The Lute Player (Hals)
The theme of a lute player painted at half length originated in Italy, and the Dutch painter Dirck van Baburen first introduced this theme in the Northern Netherlands with his lute player of 1622. Baburen's player is pointing his lute towards the viewer with his mouth open in song. Hals' player is looking up and smiling naturally, as if he is playing with a singer or another musician not in view. This painting is a good example of Hals' "rough style" of painting with loose brush strokes.
Hals was not the only painter to be influenced by Baburen. Hendrik ter Brugghen painted several lute players in the 1620s, and a few of them seem to merge aspects of Baburen and Hals, though his later version seems to follow Hals more closely.
This painting has been copied by other artists, most notably by David Bailly in his 1651 self-portrait with his artist's influences, and by Adriaan de Lelie with his 1813 self-portrait with Josephus Augustinus Brentano, including this painting on the wall of Brentano's collection. Aspects of the painting have also been copied, such as the pose of the hands and the upward smiling face, such as Jan Steen's self-portrait as a smiling lute player.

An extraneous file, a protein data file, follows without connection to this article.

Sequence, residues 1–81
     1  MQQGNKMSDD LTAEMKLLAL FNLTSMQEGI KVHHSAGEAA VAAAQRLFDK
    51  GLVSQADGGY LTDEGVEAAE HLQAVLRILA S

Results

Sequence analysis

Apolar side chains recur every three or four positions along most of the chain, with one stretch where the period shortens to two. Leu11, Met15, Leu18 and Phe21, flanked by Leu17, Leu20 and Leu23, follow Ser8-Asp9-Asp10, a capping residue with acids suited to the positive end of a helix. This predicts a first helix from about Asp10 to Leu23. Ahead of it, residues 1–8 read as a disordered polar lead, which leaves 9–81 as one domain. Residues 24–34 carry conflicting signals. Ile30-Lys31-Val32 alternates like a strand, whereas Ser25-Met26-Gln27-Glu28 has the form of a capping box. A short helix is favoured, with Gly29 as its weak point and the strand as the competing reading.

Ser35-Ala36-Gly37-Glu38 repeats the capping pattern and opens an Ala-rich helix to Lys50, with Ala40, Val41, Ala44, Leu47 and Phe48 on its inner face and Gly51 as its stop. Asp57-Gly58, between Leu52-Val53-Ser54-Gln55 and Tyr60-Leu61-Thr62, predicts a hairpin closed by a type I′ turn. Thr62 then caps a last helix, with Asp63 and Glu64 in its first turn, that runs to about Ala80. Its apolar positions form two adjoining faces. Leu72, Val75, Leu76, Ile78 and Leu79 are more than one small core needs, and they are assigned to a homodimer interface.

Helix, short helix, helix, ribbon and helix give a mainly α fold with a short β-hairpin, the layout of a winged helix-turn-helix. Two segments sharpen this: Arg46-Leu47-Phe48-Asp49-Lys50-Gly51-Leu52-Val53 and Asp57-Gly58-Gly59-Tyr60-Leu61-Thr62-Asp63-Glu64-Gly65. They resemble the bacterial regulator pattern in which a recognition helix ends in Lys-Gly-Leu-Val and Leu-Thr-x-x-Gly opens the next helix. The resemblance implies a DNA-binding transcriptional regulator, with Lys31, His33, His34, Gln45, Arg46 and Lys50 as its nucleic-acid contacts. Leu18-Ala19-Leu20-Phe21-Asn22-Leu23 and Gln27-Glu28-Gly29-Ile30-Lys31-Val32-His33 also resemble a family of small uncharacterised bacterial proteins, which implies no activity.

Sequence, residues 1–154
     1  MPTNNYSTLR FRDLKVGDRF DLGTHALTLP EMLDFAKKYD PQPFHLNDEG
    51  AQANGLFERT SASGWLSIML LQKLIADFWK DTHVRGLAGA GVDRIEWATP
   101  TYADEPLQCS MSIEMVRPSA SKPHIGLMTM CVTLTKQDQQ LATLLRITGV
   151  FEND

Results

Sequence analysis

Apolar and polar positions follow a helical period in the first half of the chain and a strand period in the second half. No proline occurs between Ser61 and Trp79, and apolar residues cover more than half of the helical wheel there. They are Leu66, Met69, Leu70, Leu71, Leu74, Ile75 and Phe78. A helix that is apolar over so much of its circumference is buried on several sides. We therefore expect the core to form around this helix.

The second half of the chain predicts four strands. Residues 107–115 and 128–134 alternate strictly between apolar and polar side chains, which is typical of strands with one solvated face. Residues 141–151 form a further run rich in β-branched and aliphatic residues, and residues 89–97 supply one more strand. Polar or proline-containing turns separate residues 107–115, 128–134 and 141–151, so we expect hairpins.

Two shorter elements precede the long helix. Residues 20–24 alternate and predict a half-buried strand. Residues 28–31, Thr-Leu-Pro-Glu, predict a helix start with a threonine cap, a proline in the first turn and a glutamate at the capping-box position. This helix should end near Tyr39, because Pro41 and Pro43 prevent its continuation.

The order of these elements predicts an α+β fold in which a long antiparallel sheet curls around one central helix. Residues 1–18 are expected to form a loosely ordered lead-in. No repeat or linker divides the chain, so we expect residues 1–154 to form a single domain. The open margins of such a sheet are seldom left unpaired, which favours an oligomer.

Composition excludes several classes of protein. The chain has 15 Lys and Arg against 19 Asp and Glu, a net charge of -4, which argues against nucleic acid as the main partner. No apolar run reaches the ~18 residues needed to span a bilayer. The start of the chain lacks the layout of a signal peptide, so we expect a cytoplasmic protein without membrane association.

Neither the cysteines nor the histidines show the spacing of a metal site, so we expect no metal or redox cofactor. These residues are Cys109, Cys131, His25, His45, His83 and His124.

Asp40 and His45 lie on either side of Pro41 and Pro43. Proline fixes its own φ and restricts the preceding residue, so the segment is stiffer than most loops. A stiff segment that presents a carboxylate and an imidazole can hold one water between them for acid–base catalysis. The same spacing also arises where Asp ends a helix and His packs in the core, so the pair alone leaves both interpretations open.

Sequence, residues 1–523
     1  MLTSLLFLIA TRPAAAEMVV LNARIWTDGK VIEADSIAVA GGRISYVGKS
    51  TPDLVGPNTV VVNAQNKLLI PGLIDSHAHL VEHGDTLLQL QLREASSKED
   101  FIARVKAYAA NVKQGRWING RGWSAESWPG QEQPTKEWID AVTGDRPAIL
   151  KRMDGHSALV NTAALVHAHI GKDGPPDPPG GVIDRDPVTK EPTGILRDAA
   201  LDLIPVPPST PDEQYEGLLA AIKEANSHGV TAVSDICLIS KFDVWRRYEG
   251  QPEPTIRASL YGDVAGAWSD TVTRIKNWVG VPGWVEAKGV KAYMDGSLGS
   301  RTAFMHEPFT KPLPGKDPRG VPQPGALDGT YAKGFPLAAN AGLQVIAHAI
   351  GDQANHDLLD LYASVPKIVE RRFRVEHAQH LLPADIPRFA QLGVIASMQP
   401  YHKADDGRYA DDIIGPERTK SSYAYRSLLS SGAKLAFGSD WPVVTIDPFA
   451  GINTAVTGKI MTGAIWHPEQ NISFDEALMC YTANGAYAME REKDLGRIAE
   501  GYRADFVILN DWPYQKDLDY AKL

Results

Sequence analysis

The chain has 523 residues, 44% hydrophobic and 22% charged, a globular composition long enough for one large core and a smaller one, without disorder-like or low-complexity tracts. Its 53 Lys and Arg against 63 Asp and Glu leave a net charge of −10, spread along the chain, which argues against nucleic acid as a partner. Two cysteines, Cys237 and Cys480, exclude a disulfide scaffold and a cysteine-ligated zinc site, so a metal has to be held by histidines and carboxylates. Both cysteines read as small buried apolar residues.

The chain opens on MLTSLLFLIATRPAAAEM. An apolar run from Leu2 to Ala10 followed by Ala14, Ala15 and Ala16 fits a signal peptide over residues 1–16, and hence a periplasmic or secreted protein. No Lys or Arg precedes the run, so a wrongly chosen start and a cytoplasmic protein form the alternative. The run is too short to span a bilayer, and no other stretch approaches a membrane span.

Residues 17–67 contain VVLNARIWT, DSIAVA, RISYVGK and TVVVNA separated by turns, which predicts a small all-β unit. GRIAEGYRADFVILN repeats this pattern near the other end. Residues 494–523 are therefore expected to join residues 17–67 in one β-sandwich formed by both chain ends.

Herengracht 542-544, location of the former gallery of the art collector Josephus Augustinus Brentano
The painting was purchased by Gustave de Rothschild (1829–1911) in 1873 and remained in the family over a century until 1984.
- Frans Hals: Exhibition on the Occasion of the Centenary of the Municipal Museum at Haarlem, 1862-1962., pp 35-36, publication Frans Hals Museum, 1962
- De luitspeler, ca. 1623 - 1624 by unknown copyist in the Rijksmuseum
- Record for the copy of the Lute player in the RKD
- Brentano's art collection by Lelie in the RKD
- Artwork record for the Lute player in the RKD